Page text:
Best Little Boy
I thought I was unique, but then I recently read an article in Basic and Applied Social Psychology called “The Social Development of Contingent Self-Worth in Sexual Minority Young Men: An Empirical Investigation of the ‘Best Little Boy in the World’ Hypothesis.” The hypothesis goes back to a book called “Best Little Boy in the World” that hypothesized that “young sexual minority men learn to deflect attention away from their concealed stigma through overcompensation in achievement-related domains.”
It is a strange position to be in where you want to fit in completely and just hide in the shadows, but at the same time, you want to excel to take any glare off of another part of your life that you don’t understand. In a recent New York Times editorial, Adam D. Chandler wrote about this article as a coming out of sorts to millions of readers. He described how he wanted to fit in. “I copied how the boys at school sat in their desks, with their knees apart. I observed how they wore their backpacks, using only one of the shoulder straps.” But he was also an overachiever – a Harvard law graduate who grew up trying to distract with good report cards and success.
Rauch made a similar point that I believe was even more true for me regarding being normal: “[l]ittle boys and teenagers want many things, but most of all they want to be normal. The desire not to be strange is not, I think, the callous invention of a capitalist or racist or sexist or whateverist culture which seeks to repress human beings’ explosively variegated diversity. It is, for people, an indivisible part of the socializing instinct.” I didn’t want to be abnormal in another form. Everyone told me I was smarter than the average bear. I was far weaker, shorter, thinner than most boys my age. I did not have a large circle of friends and I never felt normal socially. I felt like an outcast in almost every fashion of my life.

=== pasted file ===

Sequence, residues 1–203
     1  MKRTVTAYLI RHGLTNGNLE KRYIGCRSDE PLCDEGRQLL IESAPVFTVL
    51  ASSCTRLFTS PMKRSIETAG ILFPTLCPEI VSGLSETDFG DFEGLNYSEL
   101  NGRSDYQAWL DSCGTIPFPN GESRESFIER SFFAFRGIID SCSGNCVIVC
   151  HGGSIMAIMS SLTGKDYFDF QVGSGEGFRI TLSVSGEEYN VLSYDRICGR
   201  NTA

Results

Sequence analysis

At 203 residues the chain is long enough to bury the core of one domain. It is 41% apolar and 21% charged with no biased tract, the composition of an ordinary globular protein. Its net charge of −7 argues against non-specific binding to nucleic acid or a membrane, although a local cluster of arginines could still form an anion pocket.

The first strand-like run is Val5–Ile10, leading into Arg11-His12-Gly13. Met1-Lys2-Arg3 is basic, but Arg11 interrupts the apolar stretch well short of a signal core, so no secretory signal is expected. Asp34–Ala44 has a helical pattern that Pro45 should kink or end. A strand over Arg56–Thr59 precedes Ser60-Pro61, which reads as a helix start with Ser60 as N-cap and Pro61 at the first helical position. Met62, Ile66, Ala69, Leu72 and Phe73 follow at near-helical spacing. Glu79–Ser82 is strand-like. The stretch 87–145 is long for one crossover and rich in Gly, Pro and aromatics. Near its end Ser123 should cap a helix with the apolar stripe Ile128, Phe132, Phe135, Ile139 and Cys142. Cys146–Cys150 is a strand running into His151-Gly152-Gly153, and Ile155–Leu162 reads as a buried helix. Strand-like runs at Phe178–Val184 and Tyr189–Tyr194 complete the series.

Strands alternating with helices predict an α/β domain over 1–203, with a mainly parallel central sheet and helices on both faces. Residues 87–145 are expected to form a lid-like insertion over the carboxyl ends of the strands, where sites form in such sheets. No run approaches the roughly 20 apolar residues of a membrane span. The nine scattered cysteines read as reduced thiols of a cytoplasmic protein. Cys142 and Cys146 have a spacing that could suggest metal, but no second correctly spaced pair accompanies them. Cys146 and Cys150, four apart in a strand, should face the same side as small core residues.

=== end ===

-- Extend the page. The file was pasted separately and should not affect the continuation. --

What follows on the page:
Chandler wrote at the end of his piece, “The flip slide of discovering you’re not alone is the melting of your presumed snowflake uniqueness. Now I’m a statistic, another data point, just an ordinary overachieving closet case.” He is right – that feels bad. There are fears that my drive will reduce. There are fears that I will still end up alone. But instead of having excuses, it does feel nice to be a statistic for once, where my actions and reactions were more normal than not. A little normalcy can go a long way.
Yeah, I wasn’t unique at all in my reaction. And strangely enough, that doesn’t bother me one bit now. It feels good to know that I am not unique or strange or abnormal – at least in how an adolescent reacted to figuring out his differences. I just wish I could go back in time and tell 11 year old Dan just that.
Continued in Part Four